Dangerous to cut-off Pakistan now: Mullen
Admitting that US-Pakistan relations were going through "pretty rough times", Admiral Mike Mullen, chairman Joint Chiefs of Staff, just back from a visit to Islamabad said, "I think the worst thing we could do would be cut them off," BBC reported.
Mullen feared it would be a repeat of the instability in the 1990s, when the US distanced itself from the region after US-and Pakistani- backed Islamic guerrillas drove out Soviet forces in Afghanistan.
If the United States again scaled back involvement, "10 years from now, 20 years from now, we go back and it`s much more intense and it`s much more dangerous," he said.
"We`re just not living in a world where we can afford to be unengaged in a place like this," he said.
His remarks come as a number of US lawmakers have called into question billions of dollars of assistance to Pakistan, accusing Islamabad of playing a double game of seeking foreign funding while keeping ties with extremists.
The Chief of the Senate Intelligence Committee Dianne Feinstein had charged last month that Pakistan had some form of complicity with Bin Laden and that US assistance was making "less and less sense".
Mullen, who has built a rapport with top Pakistani military leadership over the past four years claimed that Islamabad remains committed to working with the US on the war against terror.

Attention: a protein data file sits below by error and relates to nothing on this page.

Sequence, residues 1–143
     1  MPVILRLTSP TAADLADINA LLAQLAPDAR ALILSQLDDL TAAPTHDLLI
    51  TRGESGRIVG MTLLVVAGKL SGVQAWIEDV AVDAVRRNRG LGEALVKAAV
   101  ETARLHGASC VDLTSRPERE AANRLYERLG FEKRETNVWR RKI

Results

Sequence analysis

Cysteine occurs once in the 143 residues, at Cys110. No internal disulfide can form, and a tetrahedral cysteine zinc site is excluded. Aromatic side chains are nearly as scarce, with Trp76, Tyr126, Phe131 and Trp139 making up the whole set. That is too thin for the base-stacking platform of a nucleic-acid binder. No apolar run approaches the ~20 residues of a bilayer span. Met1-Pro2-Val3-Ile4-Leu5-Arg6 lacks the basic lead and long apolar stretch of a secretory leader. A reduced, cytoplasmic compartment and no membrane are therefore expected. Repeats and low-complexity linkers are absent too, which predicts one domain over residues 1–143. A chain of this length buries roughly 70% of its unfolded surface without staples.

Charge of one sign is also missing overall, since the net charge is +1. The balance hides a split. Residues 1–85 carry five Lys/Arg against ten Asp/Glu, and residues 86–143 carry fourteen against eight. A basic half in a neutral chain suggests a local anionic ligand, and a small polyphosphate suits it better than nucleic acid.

But, Mullen who lays down office in a short time, told reporters in Washington that it will take time to rebuild ties in the wake of secret US raid that killed al Qaeda leader deep within Pakistani borders.
He said the raid to kill Osama bin Laden had triggered "a great deal of introspection" in Pakistan.
"They are going to have to finish that before we get back to a point where we are doing any kind of significant training with them."
The top US military officer acknowledged "very significant" cuts to US military numbers in Pakistan. But, he added, some of the US troops would remain in the country.
Before Bin Laden was killed on May 2 the US had about 200 troops in Pakistan. Most of them were helping to train the Pakistani army.
"There clearly is an ongoing contraction of that support and it is tied to difficult time we are going through", he said.